Sunday, August 12, 2018

A Seagull's Work Around to a Cooling Center


When the heat index is predicted to be dangerously high, New York City opens cooling centers in air-conditioned facilities to offer people relief from the heat, but since seagulls don't have access to such places, they have their own methods of getting relief from the heat, which is something I learned on a recent trip (this past Thursday) to Long Beach.

I had gone there in hopes of observing American Oystercatchers, a shorebird featured in volume two (ISBN 9780996378536)of my Words In Our Beak book series (pictured below) but there didn't seem to be any of them in sight. 


It was an extremely hot day, which may have been the reason for their absence, for I have encountered them during the days of August in bygone years. I'm not sure of this creature's ability to tolerate the heat, but I did notice (thanks to the long lens on my camera) that a ring-billed gull was standing on the sand with an open bill (as evidenced in the image atop this entry).

At first I thought the bird was begging to be fed which is a habit of young birds (not adults such as the ones I saw) and, indeed that may have been part of the creature's motive, however, as I continued to see the gulls walking about with an open bill, I wondered what the reason for this could be. 



During my many trips to the beach and numerous encounters with seagulls, I'd never come upon this, so when I returned home I did some research and discovered that "they pant, like dogs which releases heat through evaporation of moisture along the bird's mouth, throat and lungs." 

Additionally, "because birds lack sweat glands, they do not sweat to cool off like we do. A bird will open its mouth and breath faster, which increases the airflow."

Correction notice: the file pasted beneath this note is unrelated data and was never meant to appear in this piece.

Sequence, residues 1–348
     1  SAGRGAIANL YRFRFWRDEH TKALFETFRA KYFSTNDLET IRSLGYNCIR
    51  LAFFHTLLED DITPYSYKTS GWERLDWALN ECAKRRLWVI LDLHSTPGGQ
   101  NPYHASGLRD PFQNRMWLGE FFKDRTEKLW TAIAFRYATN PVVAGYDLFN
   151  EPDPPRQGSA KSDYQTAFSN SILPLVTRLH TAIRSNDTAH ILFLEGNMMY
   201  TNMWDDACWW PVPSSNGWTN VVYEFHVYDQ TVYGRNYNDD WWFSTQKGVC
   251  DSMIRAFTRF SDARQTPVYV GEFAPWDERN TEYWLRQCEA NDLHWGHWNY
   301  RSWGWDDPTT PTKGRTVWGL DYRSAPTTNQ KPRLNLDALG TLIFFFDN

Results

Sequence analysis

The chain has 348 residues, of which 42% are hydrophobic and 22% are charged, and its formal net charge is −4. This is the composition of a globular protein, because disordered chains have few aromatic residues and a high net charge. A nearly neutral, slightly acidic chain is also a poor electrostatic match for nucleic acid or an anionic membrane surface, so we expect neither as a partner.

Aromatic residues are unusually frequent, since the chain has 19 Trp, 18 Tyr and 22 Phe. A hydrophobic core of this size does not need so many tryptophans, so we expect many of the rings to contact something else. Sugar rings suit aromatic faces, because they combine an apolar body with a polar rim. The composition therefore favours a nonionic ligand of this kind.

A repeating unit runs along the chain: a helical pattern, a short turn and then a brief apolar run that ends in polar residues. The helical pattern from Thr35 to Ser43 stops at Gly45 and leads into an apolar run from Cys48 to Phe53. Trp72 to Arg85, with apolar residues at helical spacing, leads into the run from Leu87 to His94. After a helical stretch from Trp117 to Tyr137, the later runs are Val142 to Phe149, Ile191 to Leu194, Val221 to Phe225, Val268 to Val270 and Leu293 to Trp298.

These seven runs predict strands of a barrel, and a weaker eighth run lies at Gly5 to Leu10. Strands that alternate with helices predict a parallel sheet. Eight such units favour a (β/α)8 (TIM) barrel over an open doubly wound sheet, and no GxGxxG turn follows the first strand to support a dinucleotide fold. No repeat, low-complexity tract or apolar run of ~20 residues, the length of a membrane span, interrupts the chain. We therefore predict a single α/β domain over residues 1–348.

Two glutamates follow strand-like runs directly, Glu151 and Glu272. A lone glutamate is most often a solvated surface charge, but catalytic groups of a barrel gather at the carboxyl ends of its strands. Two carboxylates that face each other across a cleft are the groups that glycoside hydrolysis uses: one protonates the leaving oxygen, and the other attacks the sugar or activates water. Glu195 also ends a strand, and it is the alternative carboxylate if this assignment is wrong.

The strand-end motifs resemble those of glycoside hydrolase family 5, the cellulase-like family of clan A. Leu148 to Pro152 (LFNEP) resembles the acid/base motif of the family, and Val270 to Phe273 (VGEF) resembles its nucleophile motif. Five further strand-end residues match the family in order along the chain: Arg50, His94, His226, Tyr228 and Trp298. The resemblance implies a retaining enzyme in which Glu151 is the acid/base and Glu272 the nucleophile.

It seems another way this bird variety cools off is by "splashing around in the water to cool themselves" and by ruffling and raising "their body feathers so hot air close to the skin can escape" (as evidenced in the next picture).


Birds with lighter plumage will face those light-colored feathers towards the sun to reflect heat away from their bodies, which seems to be what the adult and young seagulls are doing in the following set of pictures.




I continue to be awestruck by the survival skills that birds have under their wing.
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To read more about how various wild birds do survive, check out volumes one and two of my book series. 


Here's the purchase info:
Volume One: ISBN: 9780996378529:
Book Seller Info: http://bit.ly/2AFZDCz
Barnes & Noble On-Line: http://bit.ly/2AAnB26
book culture On Columbus (a bookstore on the UWS in NYC): http://bit.ly/2FsC1Uf

Volume Two: ISBN: 9780996378536
Book Seller Info: http://bit.ly/2q75g8e
Barnes & Noble On-Line: http://bit.ly/2G65m6H

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